monohydron or slight rocker?

Discussion in 'Powerboats' started by copenhagen, May 10, 2011.

  1. copenhagen
    Joined: Apr 2011
    Posts: 22
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    Location: copenhagen

    copenhagen Junior Member

    Ok guys.. here is my secont question (not as uninformed as my first thougt) ive been studying some planning craft hulls and it seems to me that quite a bit of them has some amount of rocker built into them..

    especially runabouts and larger craft.. the handfull fo planning hulls that were included at examples in delft ship in partucular..

    i even drew up a crackerbox in delft ship just for practice in importing chines and it also turned out to have a 1 inch rocker in the aft section..

    (even Tige boats new waterski hull boasts of haning ricker and trimtabs instead of a flat rear section ?!?!)

    what is the point of this, im asking since i got the idea of using the crackerbox running surface on my "homebrew" waterskiboat

    the .txt "boxlines" is to import the chinelines in delft ship and the picture is just an old crackerboxplan but it shows teh curved aft section nicely
     

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    Last edited: May 10, 2011
  2. PAR
    Joined: Nov 2003
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    Location: Eustis, FL

    PAR Yacht Designer/Builder

    The design you show is quite old and before the development of the '63 series hull form tests. Information from these tests dramatically changed the way we look at full plane hull shapes.

    If you look closely at the design shown, it hasn't any rocker at all, in fact the reverse is true, it has a hook, which it damn well needs given the speeds it's designed to blast along at. I've driven these shapes as a young man and I can tell you they are moderately fast by modern standards, but really unstable at the top end. Many have been hurt and killed in just this hull shape. Screaming along at 70 MPH when she decides to swap ends, barrel rolls or flips over is more then enough to literally break your neck.

    This hull has a dead straight bottom from station 6 aft, if you ignore the hook. It has a slight warp and very modest deadrise, but the centerline profile is straight, except for the hook.

    It's precisely these subtle details that makes the difference in design understanding Copenhagen. Over looking, or in this case not knowing what to look at, can mean the difference in a completely unsuited design being thought of as acceptable. A little understanding is much worse then none, which is what I think is occurring here.

    This is a high speed, very light racing hull and nothing you want to be out in when there's even the slightest chop. These things fly through the air, standing on their props, chine walking their way down the course.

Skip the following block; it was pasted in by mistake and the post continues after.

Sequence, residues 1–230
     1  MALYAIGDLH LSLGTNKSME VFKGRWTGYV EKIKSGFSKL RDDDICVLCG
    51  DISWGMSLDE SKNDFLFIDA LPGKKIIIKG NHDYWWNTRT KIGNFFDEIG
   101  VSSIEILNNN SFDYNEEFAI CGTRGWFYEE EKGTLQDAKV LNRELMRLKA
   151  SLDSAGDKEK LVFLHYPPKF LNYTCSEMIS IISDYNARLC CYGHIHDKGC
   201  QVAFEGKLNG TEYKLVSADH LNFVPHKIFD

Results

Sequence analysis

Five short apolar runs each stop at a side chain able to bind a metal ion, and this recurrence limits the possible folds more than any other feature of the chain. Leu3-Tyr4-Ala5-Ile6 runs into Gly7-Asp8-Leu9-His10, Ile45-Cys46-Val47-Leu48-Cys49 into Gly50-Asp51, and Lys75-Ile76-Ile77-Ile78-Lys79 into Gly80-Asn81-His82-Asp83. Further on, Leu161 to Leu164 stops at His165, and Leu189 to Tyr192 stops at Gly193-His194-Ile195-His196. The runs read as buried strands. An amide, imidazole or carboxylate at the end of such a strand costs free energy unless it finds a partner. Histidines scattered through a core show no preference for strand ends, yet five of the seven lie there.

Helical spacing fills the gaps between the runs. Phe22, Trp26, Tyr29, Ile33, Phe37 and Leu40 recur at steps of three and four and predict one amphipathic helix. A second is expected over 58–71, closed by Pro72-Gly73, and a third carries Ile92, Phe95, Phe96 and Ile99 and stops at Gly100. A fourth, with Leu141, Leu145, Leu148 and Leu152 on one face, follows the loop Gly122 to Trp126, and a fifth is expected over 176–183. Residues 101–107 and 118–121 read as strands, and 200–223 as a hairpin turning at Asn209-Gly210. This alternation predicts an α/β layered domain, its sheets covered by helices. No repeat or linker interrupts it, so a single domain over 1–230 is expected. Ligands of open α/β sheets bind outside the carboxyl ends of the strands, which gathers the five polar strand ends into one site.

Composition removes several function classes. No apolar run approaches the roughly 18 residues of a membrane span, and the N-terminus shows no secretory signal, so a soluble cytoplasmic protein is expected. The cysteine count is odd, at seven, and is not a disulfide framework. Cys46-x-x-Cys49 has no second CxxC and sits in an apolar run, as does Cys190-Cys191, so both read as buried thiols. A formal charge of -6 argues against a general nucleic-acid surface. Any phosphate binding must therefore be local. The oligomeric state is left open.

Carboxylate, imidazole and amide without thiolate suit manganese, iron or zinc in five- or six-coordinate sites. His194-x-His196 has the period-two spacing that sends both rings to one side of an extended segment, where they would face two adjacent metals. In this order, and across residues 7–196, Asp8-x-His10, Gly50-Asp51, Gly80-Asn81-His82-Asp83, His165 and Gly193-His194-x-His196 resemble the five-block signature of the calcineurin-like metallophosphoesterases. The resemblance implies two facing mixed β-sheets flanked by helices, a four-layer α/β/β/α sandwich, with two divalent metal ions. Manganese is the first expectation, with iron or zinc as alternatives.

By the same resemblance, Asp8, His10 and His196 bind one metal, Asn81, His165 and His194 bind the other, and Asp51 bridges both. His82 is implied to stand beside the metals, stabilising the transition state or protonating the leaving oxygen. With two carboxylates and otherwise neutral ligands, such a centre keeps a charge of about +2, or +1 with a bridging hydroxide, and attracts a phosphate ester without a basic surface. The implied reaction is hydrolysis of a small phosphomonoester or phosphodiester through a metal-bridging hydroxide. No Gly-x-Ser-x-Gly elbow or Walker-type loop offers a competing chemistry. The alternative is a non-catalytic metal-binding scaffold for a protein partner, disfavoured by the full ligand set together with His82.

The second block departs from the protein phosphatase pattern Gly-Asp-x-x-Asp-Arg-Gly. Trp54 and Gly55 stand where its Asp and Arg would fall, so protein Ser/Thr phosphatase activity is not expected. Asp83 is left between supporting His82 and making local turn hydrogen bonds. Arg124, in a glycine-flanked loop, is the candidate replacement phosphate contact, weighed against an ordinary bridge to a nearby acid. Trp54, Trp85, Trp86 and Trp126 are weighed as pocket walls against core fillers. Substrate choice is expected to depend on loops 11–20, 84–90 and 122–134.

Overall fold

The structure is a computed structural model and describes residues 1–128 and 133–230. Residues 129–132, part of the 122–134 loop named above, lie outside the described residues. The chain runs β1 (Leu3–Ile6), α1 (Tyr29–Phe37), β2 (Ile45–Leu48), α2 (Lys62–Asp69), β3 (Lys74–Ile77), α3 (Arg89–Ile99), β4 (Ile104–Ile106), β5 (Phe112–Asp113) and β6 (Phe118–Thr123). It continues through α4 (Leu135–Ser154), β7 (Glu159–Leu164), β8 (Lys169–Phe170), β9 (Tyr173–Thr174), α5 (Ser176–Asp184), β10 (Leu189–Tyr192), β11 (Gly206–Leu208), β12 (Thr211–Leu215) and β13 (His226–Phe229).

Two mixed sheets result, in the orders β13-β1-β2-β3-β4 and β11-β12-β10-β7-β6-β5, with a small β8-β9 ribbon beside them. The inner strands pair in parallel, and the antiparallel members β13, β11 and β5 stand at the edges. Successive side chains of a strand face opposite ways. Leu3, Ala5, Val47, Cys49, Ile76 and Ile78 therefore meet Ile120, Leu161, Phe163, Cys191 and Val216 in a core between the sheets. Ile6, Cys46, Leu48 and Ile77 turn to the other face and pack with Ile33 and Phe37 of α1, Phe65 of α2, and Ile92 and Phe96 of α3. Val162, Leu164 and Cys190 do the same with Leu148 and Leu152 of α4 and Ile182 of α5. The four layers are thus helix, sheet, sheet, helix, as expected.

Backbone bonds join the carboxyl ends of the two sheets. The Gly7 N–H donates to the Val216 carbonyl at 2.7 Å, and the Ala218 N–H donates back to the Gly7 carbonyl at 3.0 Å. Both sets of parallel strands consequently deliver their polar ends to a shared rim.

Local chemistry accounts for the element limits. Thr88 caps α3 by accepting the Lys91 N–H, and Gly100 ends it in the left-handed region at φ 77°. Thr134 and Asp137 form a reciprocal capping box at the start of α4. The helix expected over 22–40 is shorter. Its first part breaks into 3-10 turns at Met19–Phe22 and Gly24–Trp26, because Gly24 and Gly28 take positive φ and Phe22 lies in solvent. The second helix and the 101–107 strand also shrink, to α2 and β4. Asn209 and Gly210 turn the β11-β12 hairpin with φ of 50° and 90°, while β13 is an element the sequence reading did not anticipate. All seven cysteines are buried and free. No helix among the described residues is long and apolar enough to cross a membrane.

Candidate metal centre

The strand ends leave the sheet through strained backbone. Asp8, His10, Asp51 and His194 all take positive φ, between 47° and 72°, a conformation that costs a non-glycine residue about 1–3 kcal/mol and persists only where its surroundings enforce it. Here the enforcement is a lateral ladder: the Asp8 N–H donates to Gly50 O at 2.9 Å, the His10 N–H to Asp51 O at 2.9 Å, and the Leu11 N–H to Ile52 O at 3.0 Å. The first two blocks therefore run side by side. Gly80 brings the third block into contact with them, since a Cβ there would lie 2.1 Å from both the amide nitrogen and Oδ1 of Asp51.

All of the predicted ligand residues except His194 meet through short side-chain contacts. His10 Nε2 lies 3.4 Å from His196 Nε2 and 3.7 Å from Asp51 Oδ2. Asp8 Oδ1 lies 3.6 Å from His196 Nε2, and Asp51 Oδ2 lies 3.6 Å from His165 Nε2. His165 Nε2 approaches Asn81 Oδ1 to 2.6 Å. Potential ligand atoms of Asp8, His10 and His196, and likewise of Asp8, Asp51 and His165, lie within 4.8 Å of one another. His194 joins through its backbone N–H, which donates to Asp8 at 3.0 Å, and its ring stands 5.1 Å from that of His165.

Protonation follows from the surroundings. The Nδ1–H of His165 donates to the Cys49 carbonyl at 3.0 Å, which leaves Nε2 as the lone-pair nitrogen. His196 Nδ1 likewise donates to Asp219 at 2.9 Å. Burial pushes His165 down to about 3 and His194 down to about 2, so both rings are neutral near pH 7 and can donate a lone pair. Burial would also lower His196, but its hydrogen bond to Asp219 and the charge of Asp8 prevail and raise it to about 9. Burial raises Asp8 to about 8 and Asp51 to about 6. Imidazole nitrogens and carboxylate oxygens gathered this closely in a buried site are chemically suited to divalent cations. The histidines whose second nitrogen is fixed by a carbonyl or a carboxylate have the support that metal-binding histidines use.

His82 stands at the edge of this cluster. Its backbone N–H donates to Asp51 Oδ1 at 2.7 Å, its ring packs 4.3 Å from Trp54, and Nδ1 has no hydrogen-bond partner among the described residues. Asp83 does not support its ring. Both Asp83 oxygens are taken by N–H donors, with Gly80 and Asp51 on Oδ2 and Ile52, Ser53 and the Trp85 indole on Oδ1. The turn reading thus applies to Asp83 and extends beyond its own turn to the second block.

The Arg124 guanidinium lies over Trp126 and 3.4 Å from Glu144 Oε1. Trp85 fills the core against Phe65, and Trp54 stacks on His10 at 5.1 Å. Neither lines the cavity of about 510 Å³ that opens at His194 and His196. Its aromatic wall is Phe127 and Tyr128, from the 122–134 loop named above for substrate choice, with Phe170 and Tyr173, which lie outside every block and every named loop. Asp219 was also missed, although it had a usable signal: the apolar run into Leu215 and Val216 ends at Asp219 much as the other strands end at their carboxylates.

3. tunnels

    tunnels Previous Member

    I love the thing of chine walking ! By doing a slight mod on the bottom you could make it a lot more user friendly . Increase the vee (deadrise ) and intoduce a couple a strakes set a lttle way apart and will stop the chine walking and make i fly even more . :D
     
  4. Dean Smith

    Dean Smith Previous Member

    i dunno what COPE is going to use her for
    But I tell you chine walking is downright scary especially downwind at sea
    mono is where the chine runs parallel to keel and is very suitable for jet drives
    I have tried most degrees of vee and chine config the chine is close to 150mm wide aft and gets her up fast. I did 10 of these in various formats, , inboard diesel, twin and single outboards and 8 with much lesser vee, bang your teeth out , but this one can jump waves
    And this works, without strakes , which IMO make for a harder ride
     

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  5. tom28571
    Joined: Dec 2001
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    Location: Oriental, NC

    tom28571 Senior Member

    From looking at the offsets station 6 aft, I see some rocker in the keel and a wee bit of hook (or might be called warp) in the chines. I have no idea how it might handle at high speed but suspect it woould not be good. Having seen some of the crackerboxes doing what PAR describes, I'd think (hope) this design has become obsolete. A reason for rocker in this case might be that the down angle of the shaft and forward weight of the motor would tend to hold the bow down and some rocker would tend to pull it back up to a more optimum trim angle for high speed.

    Too many forces fighting each other in my view. That could be the source of some of the ill handling seen in videos of crackerboxes. One thing we need to keep in mind is that many such boats are not designed from scratch but evolved by following trends set by features found on recent winners. That could lead to conflicting elements of design on individual boats.
     

  6. tunnels

    tunnels Previous Member

    Older designed boat also had less hp and heavyer motors so think of today where we have high hp and lighter motors ! From te chine down need to be redesigned and bought up to date . There a place that done just that with the old Chris craft Capri and made a much better boat out of it . In the water still looks the same but performance and handling etc is much better .same thing need to happen with the Cracker box . The oldies didnt have computers and they knew what worked because they exsperimneted with differant things , most didnt know why they just new it worked .
    The stake thing is like that . I have had great success with fitting strakes on older boats and repowering with much bigger motors than they were ever designed to have and they fly . But thats another story ! Flying i mean !:D
     
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